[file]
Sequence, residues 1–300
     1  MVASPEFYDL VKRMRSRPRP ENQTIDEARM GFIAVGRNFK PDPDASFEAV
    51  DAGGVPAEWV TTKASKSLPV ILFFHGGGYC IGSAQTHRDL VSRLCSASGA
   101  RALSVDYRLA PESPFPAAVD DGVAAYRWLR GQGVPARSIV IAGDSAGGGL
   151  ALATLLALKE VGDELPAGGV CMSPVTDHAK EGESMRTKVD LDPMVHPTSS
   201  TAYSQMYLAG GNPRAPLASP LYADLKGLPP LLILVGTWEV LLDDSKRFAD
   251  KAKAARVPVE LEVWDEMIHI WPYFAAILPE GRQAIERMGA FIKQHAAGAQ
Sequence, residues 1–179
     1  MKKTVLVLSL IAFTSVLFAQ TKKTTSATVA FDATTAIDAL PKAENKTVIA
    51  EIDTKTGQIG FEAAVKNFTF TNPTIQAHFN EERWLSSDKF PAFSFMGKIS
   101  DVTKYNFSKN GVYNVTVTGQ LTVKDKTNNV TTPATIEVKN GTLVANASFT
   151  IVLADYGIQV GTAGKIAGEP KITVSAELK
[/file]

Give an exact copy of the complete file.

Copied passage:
Sequence, residues 1–300
     1  MVASPEFYDL VKRMRSRPRP ENQTIDEARM GFIAVGRNFK PDPDASFEAV
    51  DAGGVPAEWV TTKASKSLPV ILFFHGGGYC IGSAQTHRDL VSRLCSASGA
   101  RALSVDYRLA PESPFPAAVD DGVAAYRWLR GQGVPARSIV IAGDSAGGGL
   151  ALATLLALKE VGDELPAGGV CMSPVTDHAK EGESMRTKVD LDPMVHPTSS
   201  TAYSQMYLAG GNPRAPLASP LYADLKGLPP LLILVGTWEV LLDDSKRFAD
   251  KAKAARVPVE LEVWDEMIHI WPYFAAILPE GRQAIERMGA FIKQHAAGAQ
Sequence, residues 1–179
     1  MKKTVLVLSL IAFTSVLFAQ TKKTTSATVA FDATTAIDAL PKAENKTVIA
    51  EIDTKTGQIG FEAAVKNFTF TNPTIQAHFN EERWLSSDKF PAFSFMGKIS
   101  DVTKYNFSKN GVYNVTVTGQ LTVKDKTNNV TTPATIEVKN GTLVANASFT
   151  IVLADYGIQV GTAGKIAGEP KITVSAELK